Tales of the Rampant Coyote

Adventures in Indie Gaming!

New Voices of Indie Evangelism

Posted by Rampant Coyote on April 23, 2012

I used to call myself an “indie evangelist,” back when nobody knew what “indie” was (or assumed that indie meant casual games).  For me, as a refugee from the mainstream game development industry, the promise of a market for games free from the domination by big publishers was irresistible.  You mean game developers could make EXACTLY the kind of game they wanted to make? And players could buy the games directly from the developers, instead of fattening the publisher’s wallets while virtually nothing went to the actual developers? Wow.

It was challenging back then. One thing I discovered early on was that while “fun” was not really a factor that could be purchased by any amount of development dollars, production quality definitely was (and still is). Indie games looked crude in comparison to their bigger, multi-million-dev-dollar bretheren, and that crudeness made them easy to overlook or dismiss. So I spent a lot of time explaining how wonderful these games were, and how people ought to give them a shot anyway.

And now – well, the indie revolution happened. I don’t think the war is entirely won, nor will it ever, but some major territory has been captured and the games industry will never be the same again. That’s a good thing. Indie games are becoming “mainstream” in a lot of ways – which is also a good thing, although it makes me feel a little wistful. But in an era that is now post-Minecraft, post-Grimrock, post-Kickstarter-funded-games, post-Angry Birds, post-Humble Indie Bundle, when Indie Game the Movie is showing (and winning) at Sundance and Journey is drawing such incredible responses from the mainstream press, when indie games are common on the big consoles and a pretty significant chunk of Steam’s revenue, and Zynga has managed to usurp EA as the evil gaming empire, I think it’s safe to say that indie games are no longer flying below the radar.

And for me, I no longer feel much a need to rationalize their existence. Oh, I still do, and probably always will. Some folks – especially kids – have a tough time distinguishing between hyper-realistic graphic excellence and gameplay excellence. The big-budget games will always retain a monopoly on the former, but nobody owns one on the latter. This is no longer a secret to most gamers, I don’t think. That, or I’m so myopic that I can’t even understand the “average gamer” anymore – a possibility I confess could be a problem.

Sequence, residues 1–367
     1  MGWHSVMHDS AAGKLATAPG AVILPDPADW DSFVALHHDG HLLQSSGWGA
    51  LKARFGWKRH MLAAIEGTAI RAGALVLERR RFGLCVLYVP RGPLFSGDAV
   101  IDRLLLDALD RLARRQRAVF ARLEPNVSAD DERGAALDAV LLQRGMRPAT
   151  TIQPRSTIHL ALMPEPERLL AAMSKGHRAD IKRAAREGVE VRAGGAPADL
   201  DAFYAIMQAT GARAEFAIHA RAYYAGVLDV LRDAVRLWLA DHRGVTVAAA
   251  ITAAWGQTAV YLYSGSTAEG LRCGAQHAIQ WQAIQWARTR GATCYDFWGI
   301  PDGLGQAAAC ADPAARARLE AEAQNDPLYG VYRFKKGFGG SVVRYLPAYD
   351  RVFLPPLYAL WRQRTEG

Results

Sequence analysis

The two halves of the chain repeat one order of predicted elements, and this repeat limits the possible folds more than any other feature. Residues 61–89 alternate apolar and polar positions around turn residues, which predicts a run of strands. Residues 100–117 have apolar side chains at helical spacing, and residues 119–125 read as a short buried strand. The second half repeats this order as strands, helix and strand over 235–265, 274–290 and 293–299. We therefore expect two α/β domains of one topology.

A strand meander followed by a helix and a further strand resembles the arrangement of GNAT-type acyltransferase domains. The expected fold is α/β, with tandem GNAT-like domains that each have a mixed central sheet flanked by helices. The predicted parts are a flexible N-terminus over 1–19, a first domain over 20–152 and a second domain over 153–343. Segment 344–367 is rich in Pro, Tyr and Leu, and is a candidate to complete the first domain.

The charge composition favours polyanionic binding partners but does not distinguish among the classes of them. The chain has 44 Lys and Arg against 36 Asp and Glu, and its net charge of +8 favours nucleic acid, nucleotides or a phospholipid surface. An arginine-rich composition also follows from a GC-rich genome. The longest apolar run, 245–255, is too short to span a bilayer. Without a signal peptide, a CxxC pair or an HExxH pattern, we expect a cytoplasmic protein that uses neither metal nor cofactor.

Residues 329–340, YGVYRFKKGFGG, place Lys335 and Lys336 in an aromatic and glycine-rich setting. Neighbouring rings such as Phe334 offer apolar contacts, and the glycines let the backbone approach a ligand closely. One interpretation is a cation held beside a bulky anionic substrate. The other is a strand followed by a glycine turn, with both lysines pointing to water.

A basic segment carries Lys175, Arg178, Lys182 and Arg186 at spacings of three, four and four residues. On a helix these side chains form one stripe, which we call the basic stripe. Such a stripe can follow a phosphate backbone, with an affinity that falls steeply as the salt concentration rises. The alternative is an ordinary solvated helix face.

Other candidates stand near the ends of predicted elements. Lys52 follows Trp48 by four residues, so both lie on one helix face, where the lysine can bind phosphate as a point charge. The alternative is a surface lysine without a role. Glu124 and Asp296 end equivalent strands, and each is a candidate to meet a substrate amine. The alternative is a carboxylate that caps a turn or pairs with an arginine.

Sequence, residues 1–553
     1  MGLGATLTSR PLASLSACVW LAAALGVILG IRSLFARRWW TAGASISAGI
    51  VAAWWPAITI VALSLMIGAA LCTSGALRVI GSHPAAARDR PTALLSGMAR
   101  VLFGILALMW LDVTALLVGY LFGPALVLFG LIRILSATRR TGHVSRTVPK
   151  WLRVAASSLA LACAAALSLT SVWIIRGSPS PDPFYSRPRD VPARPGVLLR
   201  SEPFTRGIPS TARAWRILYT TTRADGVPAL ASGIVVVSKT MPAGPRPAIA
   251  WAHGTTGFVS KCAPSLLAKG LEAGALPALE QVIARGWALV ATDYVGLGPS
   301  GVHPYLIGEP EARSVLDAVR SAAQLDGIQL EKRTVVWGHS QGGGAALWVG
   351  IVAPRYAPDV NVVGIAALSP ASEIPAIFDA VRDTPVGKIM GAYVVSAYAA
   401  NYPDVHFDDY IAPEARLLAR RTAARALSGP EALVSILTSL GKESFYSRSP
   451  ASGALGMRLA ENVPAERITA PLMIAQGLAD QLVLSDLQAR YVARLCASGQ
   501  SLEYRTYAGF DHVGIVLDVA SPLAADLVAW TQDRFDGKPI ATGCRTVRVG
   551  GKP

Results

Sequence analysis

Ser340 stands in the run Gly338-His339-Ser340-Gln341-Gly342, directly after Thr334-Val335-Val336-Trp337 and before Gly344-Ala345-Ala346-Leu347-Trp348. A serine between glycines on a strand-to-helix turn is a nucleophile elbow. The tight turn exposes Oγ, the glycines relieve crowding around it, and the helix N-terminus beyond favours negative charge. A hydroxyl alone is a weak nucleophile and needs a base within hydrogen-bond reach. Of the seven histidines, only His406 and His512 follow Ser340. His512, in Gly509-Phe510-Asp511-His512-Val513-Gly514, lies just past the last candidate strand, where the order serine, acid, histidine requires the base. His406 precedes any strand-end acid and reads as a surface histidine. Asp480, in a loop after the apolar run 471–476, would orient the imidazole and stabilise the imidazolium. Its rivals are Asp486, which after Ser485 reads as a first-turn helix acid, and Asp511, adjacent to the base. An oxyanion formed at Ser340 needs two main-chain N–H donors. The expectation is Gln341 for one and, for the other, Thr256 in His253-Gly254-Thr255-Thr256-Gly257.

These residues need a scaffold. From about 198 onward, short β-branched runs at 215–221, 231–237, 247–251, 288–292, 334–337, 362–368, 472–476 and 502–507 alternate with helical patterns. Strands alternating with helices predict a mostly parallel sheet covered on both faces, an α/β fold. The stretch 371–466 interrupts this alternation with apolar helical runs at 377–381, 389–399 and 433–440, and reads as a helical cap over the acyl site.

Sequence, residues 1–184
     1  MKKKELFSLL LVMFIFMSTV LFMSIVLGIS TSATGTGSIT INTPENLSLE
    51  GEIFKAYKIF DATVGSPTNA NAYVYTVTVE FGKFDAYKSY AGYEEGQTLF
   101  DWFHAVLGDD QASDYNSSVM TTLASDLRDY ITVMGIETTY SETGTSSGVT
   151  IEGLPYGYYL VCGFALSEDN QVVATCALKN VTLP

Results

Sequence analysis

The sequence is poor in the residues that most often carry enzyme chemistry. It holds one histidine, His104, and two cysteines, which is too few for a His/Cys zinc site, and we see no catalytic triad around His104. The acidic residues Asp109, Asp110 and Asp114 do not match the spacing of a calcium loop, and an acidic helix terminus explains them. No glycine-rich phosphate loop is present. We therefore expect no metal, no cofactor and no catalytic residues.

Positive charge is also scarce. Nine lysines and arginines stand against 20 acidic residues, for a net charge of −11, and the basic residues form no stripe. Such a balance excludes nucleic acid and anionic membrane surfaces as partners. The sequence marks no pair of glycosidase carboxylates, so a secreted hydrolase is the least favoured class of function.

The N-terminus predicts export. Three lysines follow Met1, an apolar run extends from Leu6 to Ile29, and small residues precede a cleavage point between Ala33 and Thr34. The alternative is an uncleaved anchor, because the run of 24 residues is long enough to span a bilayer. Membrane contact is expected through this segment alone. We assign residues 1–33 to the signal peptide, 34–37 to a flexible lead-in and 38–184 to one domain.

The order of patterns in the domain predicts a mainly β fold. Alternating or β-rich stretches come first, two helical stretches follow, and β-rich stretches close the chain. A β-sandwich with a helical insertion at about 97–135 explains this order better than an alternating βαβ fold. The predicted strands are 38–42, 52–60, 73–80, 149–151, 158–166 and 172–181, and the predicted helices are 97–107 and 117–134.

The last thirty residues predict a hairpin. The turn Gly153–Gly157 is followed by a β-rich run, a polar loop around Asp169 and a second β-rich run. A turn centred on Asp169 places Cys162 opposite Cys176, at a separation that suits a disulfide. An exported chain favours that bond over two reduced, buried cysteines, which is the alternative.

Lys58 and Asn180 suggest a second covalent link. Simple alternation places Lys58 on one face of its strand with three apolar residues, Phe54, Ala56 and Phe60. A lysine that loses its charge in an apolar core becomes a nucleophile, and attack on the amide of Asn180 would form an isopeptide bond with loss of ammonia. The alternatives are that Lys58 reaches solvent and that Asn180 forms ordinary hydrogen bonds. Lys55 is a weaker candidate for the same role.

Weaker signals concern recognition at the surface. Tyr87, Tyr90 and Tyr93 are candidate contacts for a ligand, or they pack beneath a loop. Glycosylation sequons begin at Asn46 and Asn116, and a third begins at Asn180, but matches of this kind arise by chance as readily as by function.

While I’m no longer feeling the need to push the ‘concept’ of indie gaming, there’s still a problem that will ever be with us: Many specific titles still fly under the radar (including my own).   There’s more games (even just RPGs) than I have time to keep track of. So I will continue to do my best to offer commentary on the games I have a chance to play – including (I hope) some strange and relatively unknown ones that you might not hear about elsewhere. This isn’t limited to indie role-playing, adventure, or strategy games, though these are my favorite and will continue to be a focus around these parts.

I don’t do reviews (usually), since I feel weird about doing them when I sell many of these games from my website.  But I do offer commentary. I plan to continue to do so, as I have time. This means “quick takes” on new (or old) games, but I’d like to spend more time doing more in-depth discussions about these games – or even little nitpicky aspects of these games.  Indie games have long been worthy of this kind of analysis, and the indie ‘industry’ as it is has matured well enough to offer ripe territory for discussion.

As full-fledged production mode looms large for me in the near future, which means even more restrictions on my gaming time, I’d like to open up this opportunity for others to participate if they feel so inclined. Do you have a favorite indie game you want to offer commentary on? Feel like offering three or four paragraphs comparing Fez with… uh… M.U.L.E.? (I was looking for something bizarre there.) Or comparing iPad indie gaming to that of the PC and big consoles? Or do you have deep insights into the nature of lever-puzzles that you’d like to share? Or maybe you are (or know) a game developer and want to talk shop or spout off a little bit.

Please consider this blog a potential venue for your views. I can’t offer fortune, but hey, whatever fame you get writing here is yours to keep. 🙂

You can contact me as “jayb” or “feedback.” Hopefully you won’t get eaten by the spam filters. PMing me on the forums is also an option.


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